What passing-bells for these who die as cattle? - Only the monstrous anger of the guns. Only the stuttering rifles' rapid rattle Can patter out their hasty orisons. No mockeries now for them; no prayers nor bells; Nor any voice of mourning save the choirs, - The shrill, demented choirs of wailing shells; And bugles calling for them from sad shires. What candles may be held to speed them all? Not in The hands of boys but in their eyes Shall shine The holy glimmers of goodbyes. The pallor of girls' brows shall be their pall; Their flowers the tenderness of patient minds, And each slow dusk a drawing-down of blinds.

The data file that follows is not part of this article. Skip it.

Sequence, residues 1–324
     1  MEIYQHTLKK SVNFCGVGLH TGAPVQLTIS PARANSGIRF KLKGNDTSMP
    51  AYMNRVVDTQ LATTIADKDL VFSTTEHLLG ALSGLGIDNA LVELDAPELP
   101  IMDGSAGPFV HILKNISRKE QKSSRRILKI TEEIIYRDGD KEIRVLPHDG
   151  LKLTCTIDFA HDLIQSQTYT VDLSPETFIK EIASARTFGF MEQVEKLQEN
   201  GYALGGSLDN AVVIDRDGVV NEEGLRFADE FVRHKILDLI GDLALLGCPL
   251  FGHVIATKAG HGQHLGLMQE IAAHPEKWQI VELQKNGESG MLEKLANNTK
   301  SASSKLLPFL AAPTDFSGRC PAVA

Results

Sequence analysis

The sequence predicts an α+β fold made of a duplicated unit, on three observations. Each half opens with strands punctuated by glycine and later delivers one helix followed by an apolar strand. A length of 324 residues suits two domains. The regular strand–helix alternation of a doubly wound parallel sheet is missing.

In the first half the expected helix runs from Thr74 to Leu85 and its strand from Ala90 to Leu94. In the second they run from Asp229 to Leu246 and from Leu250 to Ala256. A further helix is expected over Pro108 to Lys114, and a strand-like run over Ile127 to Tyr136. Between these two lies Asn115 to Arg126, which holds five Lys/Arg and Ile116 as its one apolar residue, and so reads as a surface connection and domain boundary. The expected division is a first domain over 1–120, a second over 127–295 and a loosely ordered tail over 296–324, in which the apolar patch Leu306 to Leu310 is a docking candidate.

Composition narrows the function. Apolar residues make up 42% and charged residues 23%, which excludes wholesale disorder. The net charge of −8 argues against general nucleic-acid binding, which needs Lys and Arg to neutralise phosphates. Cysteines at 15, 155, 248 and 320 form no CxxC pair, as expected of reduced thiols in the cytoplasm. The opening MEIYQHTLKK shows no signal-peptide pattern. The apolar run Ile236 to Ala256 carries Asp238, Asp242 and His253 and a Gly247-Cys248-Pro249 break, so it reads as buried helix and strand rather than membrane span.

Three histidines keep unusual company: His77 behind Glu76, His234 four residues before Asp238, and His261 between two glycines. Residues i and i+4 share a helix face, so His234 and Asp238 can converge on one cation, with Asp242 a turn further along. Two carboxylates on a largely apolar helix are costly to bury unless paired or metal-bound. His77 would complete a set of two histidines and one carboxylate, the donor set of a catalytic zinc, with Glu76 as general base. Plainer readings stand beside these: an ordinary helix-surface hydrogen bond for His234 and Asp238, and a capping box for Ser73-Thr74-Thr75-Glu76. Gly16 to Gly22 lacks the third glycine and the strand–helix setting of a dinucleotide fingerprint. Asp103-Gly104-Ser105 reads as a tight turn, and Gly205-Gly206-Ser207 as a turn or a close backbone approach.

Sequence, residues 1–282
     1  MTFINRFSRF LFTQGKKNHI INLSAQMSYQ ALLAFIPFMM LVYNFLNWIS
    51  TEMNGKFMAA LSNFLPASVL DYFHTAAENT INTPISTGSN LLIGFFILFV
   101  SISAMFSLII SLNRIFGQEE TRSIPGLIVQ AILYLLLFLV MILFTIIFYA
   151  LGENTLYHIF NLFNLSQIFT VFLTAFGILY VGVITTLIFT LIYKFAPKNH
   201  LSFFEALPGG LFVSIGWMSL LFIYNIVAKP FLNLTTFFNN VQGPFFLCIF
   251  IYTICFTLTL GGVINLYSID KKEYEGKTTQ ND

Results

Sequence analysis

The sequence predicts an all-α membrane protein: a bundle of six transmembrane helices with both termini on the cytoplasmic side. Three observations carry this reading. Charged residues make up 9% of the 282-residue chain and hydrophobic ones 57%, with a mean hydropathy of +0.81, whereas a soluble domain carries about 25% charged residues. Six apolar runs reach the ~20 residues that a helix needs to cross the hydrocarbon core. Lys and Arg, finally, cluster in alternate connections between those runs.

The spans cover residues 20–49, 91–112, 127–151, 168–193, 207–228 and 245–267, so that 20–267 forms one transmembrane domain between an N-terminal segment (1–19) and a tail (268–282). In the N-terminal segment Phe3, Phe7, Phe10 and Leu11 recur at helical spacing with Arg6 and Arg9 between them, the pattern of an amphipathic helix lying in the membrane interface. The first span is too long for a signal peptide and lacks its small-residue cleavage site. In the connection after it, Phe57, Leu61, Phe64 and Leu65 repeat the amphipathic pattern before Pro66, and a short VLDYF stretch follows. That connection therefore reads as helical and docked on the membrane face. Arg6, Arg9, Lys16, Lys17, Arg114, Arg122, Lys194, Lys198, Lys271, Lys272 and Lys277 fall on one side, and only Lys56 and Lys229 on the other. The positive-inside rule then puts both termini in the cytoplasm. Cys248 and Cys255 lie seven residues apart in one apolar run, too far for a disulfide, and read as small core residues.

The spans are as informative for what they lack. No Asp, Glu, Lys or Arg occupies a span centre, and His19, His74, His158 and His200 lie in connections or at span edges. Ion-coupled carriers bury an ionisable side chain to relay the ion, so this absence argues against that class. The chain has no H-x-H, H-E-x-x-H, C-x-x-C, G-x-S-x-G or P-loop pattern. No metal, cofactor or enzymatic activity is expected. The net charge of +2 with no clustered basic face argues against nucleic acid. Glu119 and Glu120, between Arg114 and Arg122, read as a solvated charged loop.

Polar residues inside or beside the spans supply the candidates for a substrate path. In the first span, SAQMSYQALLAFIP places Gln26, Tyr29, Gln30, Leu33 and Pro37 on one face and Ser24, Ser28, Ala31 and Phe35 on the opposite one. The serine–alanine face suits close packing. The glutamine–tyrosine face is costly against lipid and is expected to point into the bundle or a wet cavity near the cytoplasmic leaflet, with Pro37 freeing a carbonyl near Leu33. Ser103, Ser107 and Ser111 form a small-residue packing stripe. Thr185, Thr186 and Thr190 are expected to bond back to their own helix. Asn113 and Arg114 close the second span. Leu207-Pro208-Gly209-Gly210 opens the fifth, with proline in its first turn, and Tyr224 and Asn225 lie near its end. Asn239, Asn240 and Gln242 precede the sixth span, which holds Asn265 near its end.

It seemed that out of battle I escaped Down some profound dull tunnel, long since scooped Through granites which titanic wars had groined. Yet also there encumbered sleepers groaned, Too fast in thought or death to be bestirred. Then, as I probed them, one sprang up, and stared With piteous recognition in fixed eyes, Lifting distressful hands, as if to bless. And by his smile, I knew that sullen hall, - By his dead smile I knew we stood in Hell. With a thousand pains that vision's face was grained; Yet no blood reached there from the upper ground, And no guns thumped, or down the flues made moan. 'Strange friend,' I said, 'here is no cause to mourn.' 'None,' said that other, 'save the undone years, The hopelessness. Whatever hope is yours, Was my life also; I went hunting wild After the wildest beauty in the world, Which lies not calm in eyes, or braided hair, But mocks the steady running of the hour, And if it grieves, grieves richlier than here. For by my glee might many men have laughed, And of my weeping something had been left, Which must die now. I mean the truth untold, The pity of war, the pity war distilled.